The Douglas factor at issue here is the “consistency of the penalty with those imposed upon other employees for the same or similar offences.” 5 M.S.P.R. at 305. To establish disparate penalties, the employee must show “that the charges and the circumstances surrounding the charged behavior are substantially similar,” which includes “proof that the proffered comparator was in the same work unit, with the same supervisor, and was subjected to the same standards governing discipline.” Lewis v. Dep't of Veterans Affairs, 113 M.S.P.R. 657, 660 (2010) (Lewis II). “Where an employee raises an allegation of disparate penalties in comparison to specified employees, the agency must prove a legitimate reason for the difference in treatment by a preponderance of the evidence.” Lewis v. Dep't of Veterans Affairs, 111 M.S.P.R. 388, 391 (2009) (Lewis I). Moreover, “evidence regarding similarly-situated employees who received no discipline after committing similar misconduct would also support [a] disparate penalty claim.” Fearon v. Dep't of Labor, 99 M.S.P.R. 428, 434 (2005).
Here, Ms. Miskill was removed in August 2013 for violations of the time and attendance policy from 2011–2013. At her arbitration hearing, Ms. Miskill presented evidence that her entire department committed the same or similar offenses during the same time period, yet no other employee had been disciplined. The government did not directly confront that evidence but merely argued that, because the eight other employees in the DNE were currently under investigation and had not yet been charged, they could not be considered comparator employees. J.A. 234. The Arbitrator agreed and sustained Ms. Miskill's removal after finding that “the eight comparators were [not] similarly situated to [Ms. Miskill] because ․ the possible disciplinary action regarding these other employees is still pending an investigation.” J.A. 4. As we have noted, this was in error.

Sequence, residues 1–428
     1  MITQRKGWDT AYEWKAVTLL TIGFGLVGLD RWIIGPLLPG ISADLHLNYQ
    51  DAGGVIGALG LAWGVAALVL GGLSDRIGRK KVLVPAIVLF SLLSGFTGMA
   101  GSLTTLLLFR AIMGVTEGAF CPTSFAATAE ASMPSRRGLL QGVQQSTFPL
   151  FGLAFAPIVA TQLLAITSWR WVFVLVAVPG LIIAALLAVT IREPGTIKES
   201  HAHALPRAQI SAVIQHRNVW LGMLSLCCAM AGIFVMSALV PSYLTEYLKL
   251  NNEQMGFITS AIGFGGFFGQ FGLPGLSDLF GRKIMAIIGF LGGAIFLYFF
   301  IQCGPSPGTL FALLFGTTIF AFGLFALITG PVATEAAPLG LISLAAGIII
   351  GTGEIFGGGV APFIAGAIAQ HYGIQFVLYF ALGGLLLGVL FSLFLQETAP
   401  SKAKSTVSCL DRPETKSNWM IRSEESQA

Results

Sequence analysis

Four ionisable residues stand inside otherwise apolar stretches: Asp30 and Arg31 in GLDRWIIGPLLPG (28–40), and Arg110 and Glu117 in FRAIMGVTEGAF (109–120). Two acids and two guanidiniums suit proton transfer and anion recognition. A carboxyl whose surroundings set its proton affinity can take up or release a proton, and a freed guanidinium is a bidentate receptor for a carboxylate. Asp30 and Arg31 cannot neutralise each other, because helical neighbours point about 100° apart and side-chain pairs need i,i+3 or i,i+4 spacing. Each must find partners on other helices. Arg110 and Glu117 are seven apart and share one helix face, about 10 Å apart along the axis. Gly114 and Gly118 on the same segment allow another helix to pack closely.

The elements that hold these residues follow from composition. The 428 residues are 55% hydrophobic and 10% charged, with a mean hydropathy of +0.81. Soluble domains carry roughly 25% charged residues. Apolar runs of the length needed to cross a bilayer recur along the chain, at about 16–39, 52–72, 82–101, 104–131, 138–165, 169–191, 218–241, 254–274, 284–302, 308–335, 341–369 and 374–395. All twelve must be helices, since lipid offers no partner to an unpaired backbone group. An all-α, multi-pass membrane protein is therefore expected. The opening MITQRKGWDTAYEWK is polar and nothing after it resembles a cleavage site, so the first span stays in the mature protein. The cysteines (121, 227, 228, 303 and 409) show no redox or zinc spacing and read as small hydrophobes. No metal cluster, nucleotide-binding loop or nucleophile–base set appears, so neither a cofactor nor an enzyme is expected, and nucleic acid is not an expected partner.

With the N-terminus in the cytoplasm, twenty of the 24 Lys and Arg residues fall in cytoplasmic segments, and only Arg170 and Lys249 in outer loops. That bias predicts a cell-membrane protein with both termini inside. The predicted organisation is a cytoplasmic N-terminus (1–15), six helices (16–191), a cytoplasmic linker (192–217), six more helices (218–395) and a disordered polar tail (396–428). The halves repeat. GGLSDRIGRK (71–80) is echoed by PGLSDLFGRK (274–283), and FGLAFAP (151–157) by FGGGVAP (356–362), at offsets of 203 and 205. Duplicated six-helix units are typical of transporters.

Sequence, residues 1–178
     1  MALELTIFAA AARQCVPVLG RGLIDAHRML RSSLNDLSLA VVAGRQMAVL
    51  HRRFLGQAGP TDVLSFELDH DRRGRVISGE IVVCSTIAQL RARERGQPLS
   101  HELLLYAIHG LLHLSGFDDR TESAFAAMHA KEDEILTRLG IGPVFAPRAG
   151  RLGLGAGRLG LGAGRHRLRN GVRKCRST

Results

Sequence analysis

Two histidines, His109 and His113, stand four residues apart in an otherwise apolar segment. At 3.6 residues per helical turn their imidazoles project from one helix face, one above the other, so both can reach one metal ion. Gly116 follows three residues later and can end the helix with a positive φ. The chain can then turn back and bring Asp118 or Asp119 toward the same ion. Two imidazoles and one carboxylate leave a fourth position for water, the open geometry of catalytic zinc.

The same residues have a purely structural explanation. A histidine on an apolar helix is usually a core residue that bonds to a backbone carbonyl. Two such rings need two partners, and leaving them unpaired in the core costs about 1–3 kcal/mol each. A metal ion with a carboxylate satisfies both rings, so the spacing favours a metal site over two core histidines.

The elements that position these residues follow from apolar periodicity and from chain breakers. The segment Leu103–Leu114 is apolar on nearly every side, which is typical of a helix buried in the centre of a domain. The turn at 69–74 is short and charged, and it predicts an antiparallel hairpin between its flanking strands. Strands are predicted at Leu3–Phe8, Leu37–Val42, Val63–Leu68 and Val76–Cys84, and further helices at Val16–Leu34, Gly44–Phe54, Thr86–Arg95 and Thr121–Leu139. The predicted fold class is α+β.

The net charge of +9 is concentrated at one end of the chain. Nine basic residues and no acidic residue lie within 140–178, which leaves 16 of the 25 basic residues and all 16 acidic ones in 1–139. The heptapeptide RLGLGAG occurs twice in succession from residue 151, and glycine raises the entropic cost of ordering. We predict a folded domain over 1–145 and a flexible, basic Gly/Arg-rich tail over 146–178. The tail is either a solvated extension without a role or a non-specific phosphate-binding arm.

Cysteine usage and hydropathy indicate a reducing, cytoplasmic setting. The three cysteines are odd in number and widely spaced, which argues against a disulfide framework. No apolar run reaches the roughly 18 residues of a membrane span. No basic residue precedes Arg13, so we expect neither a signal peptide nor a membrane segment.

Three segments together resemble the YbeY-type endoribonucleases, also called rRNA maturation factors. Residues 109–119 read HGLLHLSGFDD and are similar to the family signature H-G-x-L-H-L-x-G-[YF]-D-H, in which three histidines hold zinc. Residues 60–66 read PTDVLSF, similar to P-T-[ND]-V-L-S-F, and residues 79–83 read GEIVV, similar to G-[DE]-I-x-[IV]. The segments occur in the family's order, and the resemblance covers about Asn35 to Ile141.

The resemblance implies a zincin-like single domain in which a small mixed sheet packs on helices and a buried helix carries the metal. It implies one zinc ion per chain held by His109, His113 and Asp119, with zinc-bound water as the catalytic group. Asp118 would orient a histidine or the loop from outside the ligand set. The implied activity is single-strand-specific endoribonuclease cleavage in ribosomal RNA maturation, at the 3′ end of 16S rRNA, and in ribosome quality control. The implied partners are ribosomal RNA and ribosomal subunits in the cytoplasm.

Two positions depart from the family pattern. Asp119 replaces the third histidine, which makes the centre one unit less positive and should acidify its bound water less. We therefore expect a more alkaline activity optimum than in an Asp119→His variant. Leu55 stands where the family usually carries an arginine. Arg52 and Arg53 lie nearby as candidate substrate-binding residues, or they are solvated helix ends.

A comparator is an employee that “was in the same work unit, with the same supervisor, and was subjected to the same standards governing discipline.” Lewis II, 113 M.S.P.R. at 660. There is no strict requirement that employees subject to the same standards governing discipline must always receive precisely the same penalty. But similarly situated employees must be subject to the same criteria, and differences in penalties must depend on specific factual differences between those employees. That consideration is, by its nature, a case-dependent, highly factual inquiry and not amenable to bright-line rules.
Here, the Arbitrator erred by imposing a categorical rule of exclusion, i.e., that similarly situated employees under investigation could not be comparators. It is true that, in some circumstances, an ongoing investigation may be a legitimate basis to exclude an employee as a comparator. But that depends on the factual circumstances. Here, the facts strongly suggest that it was improper to exclude the eight employees as comparators simply because they were under investigation at the time of the arbitration. After Ms. Miskill's removal in September 2013, the Agency knew or should have known that there were potential problems with the implementation of time and attendance polices in the DNE unit. Yet the Agency waited to begin its investigation of the eight other DNE employees for almost two years and, in fact, did not initiate an investigation until it discovered that Ms. Miskill was alleging disparate treatment.